The Elementary OS desktop of the user johnnyftw, posted in our monthly desktop thread.
Elementary OS Freya is a favorite of Neowinian GNU/Linux users, and rightfully so. Something that GNU/Linux users had often suffered in compared to Windows and OSX users is a beautiful out-of-the-box design (although some would disagree that Windows still deserves to fall in that category). Something that came out of left-field for GNU/Linux users, initially as just a desktop environment that slowly progressed to a full-blown distribution, was Elementary OS.
Elementary OS has incorporated a significant amount of the OSX design language, however, it went one step further with simplicity and minimalism-- one thing immediately noticeable to users is that the desktop is locked, ensuring that the desktop background is not cluttered with files. Minor things are also taken very seriously by the Elementary OS team, and even things such as the header bars of windows receive a very detailed analysis.
The team at Elementary OS have just released the first beta for the latest iteration, Freya (formerly known as Isis), and it is already looking extremely polished. Introducing a newer design language such as a unified header (or in some cases, removing the header altogether) and adaptive UI elements, such as the status bar's opacity. The icons have also been updated, new screen transitions, and various updates to the Elementary apps (such as the Noise media player, Calendar, and the Midori browser). Freya is based on Ubuntu 14.04.1, and as such, inherits core components such as the 3.13 Linux kernel and various hardware drivers. Doing away with Grub, it also includes support for EFI which allows the user to boot directly from EFI.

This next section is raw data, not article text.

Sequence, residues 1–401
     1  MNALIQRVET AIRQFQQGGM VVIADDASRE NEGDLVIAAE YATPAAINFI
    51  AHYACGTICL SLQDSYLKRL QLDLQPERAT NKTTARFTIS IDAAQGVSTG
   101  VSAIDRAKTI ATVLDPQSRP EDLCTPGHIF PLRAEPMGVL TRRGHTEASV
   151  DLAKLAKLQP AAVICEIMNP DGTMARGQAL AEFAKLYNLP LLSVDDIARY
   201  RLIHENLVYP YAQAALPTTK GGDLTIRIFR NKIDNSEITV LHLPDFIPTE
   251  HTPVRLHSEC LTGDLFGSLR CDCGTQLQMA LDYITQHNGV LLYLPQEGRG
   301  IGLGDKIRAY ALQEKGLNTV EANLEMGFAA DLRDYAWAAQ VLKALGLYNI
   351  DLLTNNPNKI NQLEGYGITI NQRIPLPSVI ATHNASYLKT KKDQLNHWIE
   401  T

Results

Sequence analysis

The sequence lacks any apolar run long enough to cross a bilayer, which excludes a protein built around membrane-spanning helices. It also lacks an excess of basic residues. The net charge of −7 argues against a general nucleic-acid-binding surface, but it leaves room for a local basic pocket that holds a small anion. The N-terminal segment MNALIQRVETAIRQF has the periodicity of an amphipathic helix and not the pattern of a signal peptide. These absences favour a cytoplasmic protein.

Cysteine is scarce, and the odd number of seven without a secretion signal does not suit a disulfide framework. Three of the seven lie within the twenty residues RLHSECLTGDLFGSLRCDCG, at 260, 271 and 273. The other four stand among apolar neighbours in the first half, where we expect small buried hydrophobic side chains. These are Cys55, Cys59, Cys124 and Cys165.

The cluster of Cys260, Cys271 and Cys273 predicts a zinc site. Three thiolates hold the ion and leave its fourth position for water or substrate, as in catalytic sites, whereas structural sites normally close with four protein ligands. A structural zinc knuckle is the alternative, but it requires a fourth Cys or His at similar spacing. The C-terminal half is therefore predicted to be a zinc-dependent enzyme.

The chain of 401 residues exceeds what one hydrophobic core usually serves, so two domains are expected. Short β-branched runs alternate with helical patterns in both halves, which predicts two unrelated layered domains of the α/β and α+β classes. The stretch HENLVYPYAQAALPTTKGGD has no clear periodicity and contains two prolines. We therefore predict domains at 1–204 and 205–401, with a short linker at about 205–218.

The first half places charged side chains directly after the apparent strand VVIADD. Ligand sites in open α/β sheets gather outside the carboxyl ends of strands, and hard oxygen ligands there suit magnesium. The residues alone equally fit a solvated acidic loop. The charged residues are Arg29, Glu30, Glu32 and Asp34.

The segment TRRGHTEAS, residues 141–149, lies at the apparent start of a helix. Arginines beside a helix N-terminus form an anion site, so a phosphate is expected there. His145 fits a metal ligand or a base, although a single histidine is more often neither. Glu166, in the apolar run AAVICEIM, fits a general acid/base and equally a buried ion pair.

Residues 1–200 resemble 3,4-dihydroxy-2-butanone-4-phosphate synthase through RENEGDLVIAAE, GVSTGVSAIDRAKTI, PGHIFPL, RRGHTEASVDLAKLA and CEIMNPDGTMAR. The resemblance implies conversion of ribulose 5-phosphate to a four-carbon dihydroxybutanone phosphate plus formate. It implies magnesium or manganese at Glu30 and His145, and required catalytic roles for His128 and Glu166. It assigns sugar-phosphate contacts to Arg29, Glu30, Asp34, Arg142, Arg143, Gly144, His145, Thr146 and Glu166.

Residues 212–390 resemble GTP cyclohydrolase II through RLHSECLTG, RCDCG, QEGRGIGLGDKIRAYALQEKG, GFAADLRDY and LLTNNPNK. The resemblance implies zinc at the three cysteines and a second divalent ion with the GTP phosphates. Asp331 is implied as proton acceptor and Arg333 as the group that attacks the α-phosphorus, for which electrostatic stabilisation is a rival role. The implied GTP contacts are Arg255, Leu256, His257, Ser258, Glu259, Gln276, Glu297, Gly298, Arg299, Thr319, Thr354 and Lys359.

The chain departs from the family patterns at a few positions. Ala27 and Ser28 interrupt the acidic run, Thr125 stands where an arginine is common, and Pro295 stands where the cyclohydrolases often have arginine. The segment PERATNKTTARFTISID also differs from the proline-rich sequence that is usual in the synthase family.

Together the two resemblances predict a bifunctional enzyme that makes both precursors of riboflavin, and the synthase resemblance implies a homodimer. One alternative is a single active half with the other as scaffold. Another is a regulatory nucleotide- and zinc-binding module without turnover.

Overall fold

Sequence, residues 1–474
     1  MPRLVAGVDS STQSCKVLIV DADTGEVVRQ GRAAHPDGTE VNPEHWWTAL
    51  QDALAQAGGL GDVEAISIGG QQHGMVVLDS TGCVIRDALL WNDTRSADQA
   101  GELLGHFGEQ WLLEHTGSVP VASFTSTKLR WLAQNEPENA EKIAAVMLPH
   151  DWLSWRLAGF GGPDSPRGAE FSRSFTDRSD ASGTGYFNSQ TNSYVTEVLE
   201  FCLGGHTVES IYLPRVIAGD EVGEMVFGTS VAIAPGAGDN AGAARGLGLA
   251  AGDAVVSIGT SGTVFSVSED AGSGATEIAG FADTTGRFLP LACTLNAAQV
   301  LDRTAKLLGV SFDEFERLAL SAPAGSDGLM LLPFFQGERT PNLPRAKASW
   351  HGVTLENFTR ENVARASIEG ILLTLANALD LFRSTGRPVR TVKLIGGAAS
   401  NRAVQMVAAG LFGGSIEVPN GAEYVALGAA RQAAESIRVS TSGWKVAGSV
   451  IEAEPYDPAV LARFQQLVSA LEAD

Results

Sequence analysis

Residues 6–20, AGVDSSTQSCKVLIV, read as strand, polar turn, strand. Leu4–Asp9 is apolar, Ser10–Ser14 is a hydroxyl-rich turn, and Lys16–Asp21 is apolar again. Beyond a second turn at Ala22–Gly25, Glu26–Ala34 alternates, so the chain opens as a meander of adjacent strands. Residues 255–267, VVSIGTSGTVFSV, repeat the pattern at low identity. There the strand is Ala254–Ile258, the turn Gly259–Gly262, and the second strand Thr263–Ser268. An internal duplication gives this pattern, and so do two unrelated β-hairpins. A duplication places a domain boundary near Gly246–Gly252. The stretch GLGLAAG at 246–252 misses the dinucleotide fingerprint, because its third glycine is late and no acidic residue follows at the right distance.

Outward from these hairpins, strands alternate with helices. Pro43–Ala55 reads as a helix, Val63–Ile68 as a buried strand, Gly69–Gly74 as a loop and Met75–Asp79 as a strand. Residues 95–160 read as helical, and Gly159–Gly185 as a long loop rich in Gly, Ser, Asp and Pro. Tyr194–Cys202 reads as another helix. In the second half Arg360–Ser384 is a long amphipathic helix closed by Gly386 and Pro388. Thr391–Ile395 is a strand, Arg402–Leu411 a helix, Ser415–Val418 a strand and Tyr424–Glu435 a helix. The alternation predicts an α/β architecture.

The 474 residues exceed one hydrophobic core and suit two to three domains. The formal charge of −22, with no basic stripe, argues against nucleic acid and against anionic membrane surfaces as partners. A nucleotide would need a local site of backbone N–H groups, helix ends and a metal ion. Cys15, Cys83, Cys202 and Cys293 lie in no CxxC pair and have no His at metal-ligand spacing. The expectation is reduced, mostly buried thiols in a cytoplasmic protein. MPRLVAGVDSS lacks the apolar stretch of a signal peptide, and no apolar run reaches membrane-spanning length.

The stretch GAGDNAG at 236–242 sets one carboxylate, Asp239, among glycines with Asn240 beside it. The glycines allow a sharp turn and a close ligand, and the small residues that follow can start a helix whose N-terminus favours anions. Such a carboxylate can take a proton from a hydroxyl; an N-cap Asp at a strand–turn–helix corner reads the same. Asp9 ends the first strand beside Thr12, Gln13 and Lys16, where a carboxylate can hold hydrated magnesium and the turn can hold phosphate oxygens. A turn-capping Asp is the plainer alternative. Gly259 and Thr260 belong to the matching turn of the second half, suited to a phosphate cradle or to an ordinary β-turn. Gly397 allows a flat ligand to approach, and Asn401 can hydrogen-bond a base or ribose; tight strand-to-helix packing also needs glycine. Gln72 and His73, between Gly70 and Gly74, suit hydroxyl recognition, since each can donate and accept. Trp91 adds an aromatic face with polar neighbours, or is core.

According to the Elementary OS team, some programs are recognizable by their appearance, so a title bar would act as just visual noise.
As an operating system, Elementary OS attempts to fill a void similar to that of Ubuntu's. It's difficult to deny that there is a fairly large learning curve when it comes to GNU/Linux, and some of the most common desktop interfaces such as KDE, GNOME and Xfce focus much more on being lightweight than being "modern" or visually polished. Ubuntu's Unity interface attempted to introduce a desktop interface that would make the learning curve much smaller and it has been extremely successful in attracting newcomers to the world of GNU/Linux. Elementary OS takes it one step further and includes the concept of minimalism and the outcome is something that is extremely polished and friendly to both novices and veterans.
The Elementary OS Freya Beta 1 can be downloaded from the links provided here.
Here is a video from one of the developers excitedly demonstrating features from Freya back in April:
Source: Elementary OS | Image via Elementary OS